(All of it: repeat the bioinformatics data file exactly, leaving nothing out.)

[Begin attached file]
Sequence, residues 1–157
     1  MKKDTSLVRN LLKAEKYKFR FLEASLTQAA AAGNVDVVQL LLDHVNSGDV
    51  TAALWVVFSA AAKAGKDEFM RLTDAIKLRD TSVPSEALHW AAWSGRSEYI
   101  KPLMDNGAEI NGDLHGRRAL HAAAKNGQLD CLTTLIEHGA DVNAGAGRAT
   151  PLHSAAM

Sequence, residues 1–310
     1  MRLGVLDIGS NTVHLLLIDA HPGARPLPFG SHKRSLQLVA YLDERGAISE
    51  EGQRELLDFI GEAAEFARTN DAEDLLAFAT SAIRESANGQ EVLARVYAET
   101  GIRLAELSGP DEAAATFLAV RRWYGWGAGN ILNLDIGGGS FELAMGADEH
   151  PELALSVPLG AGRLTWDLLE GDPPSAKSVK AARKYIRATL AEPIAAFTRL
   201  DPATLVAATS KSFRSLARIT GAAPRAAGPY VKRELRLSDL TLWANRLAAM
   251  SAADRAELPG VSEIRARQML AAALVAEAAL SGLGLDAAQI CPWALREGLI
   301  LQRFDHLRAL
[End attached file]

Sequence, residues 1–157
     1  MKKDTSLVRN LLKAEKYKFR FLEASLTQAA AAGNVDVVQL LLDHVNSGDV
    51  TAALWVVFSA AAKAGKDEFM RLTDAIKLRD TSVPSEALHW AAWSGRSEYI
   101  KPLMDNGAEI NGDLHGRRAL HAAAKNGQLD CLTTLIEHGA DVNAGAGRAT
   151  PLHSAAM

Sequence, residues 1–310
     1  MRLGVLDIGS NTVHLLLIDA HPGARPLPFG SHKRSLQLVA YLDERGAISE
    51  EGQRELLDFI GEAAEFARTN DAEDLLAFAT SAIRESANGQ EVLARVYAET
   101  GIRLAELSGP DEAAATFLAV RRWYGWGAGN ILNLDIGGGS FELAMGADEH
   151  PELALSVPLG AGRLTWDLLE GDPPSAKSVK AARKYIRATL AEPIAAFTRL
   201  DPATLVAATS KSFRSLARIT GAAPRAAGPY VKRELRLSDL TLWANRLAAM
   251  SAADRAELPG VSEIRARQML AAALVAEAAL SGLGLDAAQI CPWALREGLI
   301  LQRFDHLRAL